The convenience and low-commitment nature of a non-surgical nose job may make it an appealing alternative to traditional surgery. But the procedure is only temporary – with results lasting from around six months to a year and a half – meaning, at an average cost of $1,050 per treatment, continued liquid nose jobs will quickly out-cost traditional surgery. When it comes to which option is best for which nose, Matarasso says, “the vast majority of noses need a surgical rhinoplasty.” After all, an injection nose job can only add to the nose, so removing a bump or narrowing a bridge isn’t in the cards. 

“On the other hand, in recent years cultural ideals have shifted toward an ethos of body positivity and inclusivity. Fitting in is less sought after than standing out. Perfection is just beginning to go out of style. There’s even a micro-trend of LA patients getting injections to create a ‘reverse nose job’ effect,”

On the other hand, in recent years cultural ideals have shifted toward an ethos of body positivity and inclusivity. Fitting in is less sought after than standing out. Perfection is just beginning to go out of style. There’s even a micro-trend of LA patients getting injections to create a “reverse nose job” effect, in other words, adding minor bumps back to their post-rhinoplasty noses. Helen reflects on the years since she had her nose job: “A lot has changed about the political climate and accepting people. And my nose just wasn’t cool five years ago.”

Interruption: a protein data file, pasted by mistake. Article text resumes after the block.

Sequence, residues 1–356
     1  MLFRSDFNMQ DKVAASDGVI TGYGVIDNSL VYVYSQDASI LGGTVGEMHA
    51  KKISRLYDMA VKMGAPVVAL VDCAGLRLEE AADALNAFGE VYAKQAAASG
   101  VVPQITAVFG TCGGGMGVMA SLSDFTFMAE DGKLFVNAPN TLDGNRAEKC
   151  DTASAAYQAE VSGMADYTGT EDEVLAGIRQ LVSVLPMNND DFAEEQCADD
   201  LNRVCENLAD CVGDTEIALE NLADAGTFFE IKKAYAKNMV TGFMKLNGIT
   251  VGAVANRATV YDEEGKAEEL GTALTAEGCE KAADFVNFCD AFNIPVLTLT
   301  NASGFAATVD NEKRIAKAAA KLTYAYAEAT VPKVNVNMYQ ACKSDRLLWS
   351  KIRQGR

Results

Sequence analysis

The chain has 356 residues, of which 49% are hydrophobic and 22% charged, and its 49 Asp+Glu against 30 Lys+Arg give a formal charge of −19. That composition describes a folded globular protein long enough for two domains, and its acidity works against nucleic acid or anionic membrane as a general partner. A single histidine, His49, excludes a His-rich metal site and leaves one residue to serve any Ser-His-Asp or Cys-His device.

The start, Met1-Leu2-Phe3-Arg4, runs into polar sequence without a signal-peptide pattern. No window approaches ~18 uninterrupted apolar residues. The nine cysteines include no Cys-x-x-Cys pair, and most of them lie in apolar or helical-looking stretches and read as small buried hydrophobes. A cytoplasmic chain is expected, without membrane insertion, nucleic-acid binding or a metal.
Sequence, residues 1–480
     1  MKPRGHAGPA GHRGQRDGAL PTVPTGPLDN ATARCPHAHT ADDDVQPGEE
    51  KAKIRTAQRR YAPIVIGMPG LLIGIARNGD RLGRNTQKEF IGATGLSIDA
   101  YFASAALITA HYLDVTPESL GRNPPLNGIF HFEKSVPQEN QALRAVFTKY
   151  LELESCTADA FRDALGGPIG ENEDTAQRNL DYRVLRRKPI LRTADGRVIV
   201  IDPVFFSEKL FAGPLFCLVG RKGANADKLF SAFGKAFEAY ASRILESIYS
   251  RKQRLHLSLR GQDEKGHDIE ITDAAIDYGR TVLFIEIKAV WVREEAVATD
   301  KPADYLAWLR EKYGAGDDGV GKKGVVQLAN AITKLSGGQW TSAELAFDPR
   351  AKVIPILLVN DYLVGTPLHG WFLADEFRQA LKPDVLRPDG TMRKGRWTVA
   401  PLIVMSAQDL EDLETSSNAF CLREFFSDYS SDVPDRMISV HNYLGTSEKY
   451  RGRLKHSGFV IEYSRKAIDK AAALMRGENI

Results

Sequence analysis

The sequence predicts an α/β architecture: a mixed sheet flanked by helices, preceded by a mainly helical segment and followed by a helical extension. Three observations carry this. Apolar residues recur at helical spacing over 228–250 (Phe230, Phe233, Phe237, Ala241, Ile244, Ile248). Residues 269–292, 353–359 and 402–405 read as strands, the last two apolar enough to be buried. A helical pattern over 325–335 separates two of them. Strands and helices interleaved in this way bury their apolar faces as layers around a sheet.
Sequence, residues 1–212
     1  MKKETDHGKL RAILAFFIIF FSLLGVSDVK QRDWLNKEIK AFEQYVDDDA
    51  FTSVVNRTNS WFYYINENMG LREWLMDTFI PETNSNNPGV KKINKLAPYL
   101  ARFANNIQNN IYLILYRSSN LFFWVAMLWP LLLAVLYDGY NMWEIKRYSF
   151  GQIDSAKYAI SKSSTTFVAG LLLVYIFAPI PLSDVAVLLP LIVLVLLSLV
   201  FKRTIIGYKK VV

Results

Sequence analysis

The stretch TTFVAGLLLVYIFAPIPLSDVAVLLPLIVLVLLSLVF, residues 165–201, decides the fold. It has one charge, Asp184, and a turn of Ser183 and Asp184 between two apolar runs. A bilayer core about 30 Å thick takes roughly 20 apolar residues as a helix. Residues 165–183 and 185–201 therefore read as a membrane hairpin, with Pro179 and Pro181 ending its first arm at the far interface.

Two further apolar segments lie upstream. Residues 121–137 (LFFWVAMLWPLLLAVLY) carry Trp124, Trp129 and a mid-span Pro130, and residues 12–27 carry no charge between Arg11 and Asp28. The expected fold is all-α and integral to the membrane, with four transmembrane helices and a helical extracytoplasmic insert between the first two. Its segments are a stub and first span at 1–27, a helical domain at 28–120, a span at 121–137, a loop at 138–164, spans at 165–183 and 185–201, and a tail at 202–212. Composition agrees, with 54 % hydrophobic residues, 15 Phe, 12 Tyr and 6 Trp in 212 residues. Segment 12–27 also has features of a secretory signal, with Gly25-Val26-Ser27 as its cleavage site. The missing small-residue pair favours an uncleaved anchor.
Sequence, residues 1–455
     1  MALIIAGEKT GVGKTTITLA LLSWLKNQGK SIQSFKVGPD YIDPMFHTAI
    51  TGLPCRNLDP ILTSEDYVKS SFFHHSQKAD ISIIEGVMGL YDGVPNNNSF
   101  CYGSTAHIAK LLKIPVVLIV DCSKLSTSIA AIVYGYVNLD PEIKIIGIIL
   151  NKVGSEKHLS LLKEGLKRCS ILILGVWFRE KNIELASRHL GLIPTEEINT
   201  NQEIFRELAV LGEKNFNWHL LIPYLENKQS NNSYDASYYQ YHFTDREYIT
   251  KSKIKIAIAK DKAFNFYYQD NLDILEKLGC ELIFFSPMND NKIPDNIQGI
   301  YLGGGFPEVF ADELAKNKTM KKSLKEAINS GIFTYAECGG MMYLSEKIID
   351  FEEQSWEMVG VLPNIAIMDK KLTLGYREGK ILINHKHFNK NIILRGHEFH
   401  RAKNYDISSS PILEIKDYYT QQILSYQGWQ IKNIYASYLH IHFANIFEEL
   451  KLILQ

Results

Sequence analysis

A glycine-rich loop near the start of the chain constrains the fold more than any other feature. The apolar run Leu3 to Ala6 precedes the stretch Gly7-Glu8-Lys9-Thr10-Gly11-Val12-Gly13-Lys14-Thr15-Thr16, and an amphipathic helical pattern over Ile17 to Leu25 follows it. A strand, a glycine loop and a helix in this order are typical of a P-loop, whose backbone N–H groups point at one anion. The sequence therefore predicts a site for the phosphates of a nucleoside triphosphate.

Would having grown up just a few years later, and coming of age in a more inclusive world have changed Helen’s initial feelings about her nose? "I still would’ve disliked it, but I think maybe I would have been able to cope with it a little bit more or have it make sense to me." She imagines that having social media in her youth also may have helped her to see that there were other people who looked like her, who were valued. 

As far as what’s next? The future of surgical rhinoplasty is full of possibilities, says Matarasso. When he began his career in plastic surgery, a nose job patient stayed at least three nights in a hospital and wore a plaster splint for a couple of weeks. “Now the patient comes in at eight o’clock in the morning – surgery could take about an hour. They have a melted piece of plastic that protects the nose for a week. And by lunchtime, they’re home." It’s the type of progress he couldn’t have predicted 30 years ago. One thing’s for sure: As non-surgical nose jobs grow in popularity and imperfection becomes less of a dirty word, the good old-fashioned nose job will continue to improve for those who want it.